My name is Robert Williams and I live in the town of Fallston, NC. Fallston is called a Town, but in many ways it is a rural area. As often happens in rural areas, pets are often “let out” when their owners no longer want them.
I am not particularly a “cat person” but I also do not want to see animals go hungry or in some other way have harm come to them. So, when two female cats of unknown origin started coming around my house looking for something to eat, I would feed them with table scraps and later I would purchase cat food for them.
The next thing I knew, those two female cats had kittens. Of course, I did not want to destroy the kittens or the mama cats. It was interesting watching the kittens grow, play and do the things that kittens do.
Then there were more kittens and the kittens, now grown, started having kittens too. Soon I was buying cat food, two 30-pound bags at a time. I was overrun with cats and did not know what to do.
Then I heard about the Community Cat Program during a visit to the Shelby Liver Mush Fest when I ran into my State Representative, Tim Moore, who also happens to be Speaker of the House. Tim just happened to be talking to a Cleveland County Animal Control person, Holley Wall, and introduced me to Holley. I immediately asked Holley about my ever-growing cat population and what Animal Control could do for me.
Soon thereafter I received a call from Mr. Tyler Moore from the Cleveland County Animal Control. Mr. Moore informed me of the new Community Cat Program and we made arrangements for Tyler to visit my home.
At this first visit Tyler Moore informed me of the details of this Community Cat Program. Basically, Tyler would capture the cats in “humane” traps, transport the cats to a facility where they would be spayed or neutered and vaccinated. The cats who were “fixed” would also have one ear clipped to indicate that they were fixed. Then the cats would be returned a few days later.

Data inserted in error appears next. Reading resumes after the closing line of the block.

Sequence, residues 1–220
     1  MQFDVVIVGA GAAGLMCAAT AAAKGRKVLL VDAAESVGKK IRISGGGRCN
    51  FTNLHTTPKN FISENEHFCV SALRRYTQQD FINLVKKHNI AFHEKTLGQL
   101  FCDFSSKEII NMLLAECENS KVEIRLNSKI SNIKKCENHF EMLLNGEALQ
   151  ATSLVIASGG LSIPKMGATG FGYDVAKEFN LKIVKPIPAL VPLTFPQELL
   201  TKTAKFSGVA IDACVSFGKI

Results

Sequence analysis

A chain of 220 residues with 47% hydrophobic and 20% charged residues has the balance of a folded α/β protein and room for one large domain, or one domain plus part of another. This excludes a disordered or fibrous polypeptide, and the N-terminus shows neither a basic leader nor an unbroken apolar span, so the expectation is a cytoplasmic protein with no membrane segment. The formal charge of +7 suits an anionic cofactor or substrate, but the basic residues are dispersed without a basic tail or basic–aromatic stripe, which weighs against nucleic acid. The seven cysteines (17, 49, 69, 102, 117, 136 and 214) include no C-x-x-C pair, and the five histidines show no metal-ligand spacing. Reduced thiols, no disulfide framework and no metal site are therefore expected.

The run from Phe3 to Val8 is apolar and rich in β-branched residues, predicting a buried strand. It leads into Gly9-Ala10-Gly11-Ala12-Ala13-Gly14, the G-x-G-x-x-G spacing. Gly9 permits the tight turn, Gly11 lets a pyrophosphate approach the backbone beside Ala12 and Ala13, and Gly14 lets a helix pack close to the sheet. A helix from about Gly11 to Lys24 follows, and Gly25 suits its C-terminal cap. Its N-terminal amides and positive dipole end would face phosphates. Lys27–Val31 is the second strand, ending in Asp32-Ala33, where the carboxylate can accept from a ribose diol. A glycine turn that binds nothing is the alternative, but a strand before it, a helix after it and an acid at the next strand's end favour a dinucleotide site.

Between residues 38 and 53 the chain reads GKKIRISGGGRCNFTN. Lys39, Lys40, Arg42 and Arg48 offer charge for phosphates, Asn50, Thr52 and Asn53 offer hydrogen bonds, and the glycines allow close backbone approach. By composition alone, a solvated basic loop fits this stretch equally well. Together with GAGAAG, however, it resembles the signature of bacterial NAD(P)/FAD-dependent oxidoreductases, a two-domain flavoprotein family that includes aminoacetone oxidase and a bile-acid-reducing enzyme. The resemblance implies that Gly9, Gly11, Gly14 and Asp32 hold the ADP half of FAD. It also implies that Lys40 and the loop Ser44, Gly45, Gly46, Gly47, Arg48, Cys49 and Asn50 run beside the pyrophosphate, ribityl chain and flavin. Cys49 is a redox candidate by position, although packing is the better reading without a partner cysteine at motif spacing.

This was exactly what I needed to solve a burgeoning cat population problem, so I asked Mr. Moore to begin immediately. Which he did as he had brought traps with him.
Eleven cats were trapped that first day. The next trip out resulted in another five being trapped. Then three. Totaling 19 cats that have been fixed and just two female cats to go.
I am often critical of government programs that do little and cost a lot. As many citizens are. But this Cleveland County Community Cat Program turned out to be highly effective in resolving my cat population problem. Mr. Tyler Moore has been very courteous and helpful in resolving my cat problem as well as being a very able and effective representative of this new Community Cat Program. I plan on making a trip to the Cleveland County Commissioner’s meeting in the very near future to express my gratitude in this matter and to suggest to the Commissions that they model their other programs to be as effective as the Community Cat Program.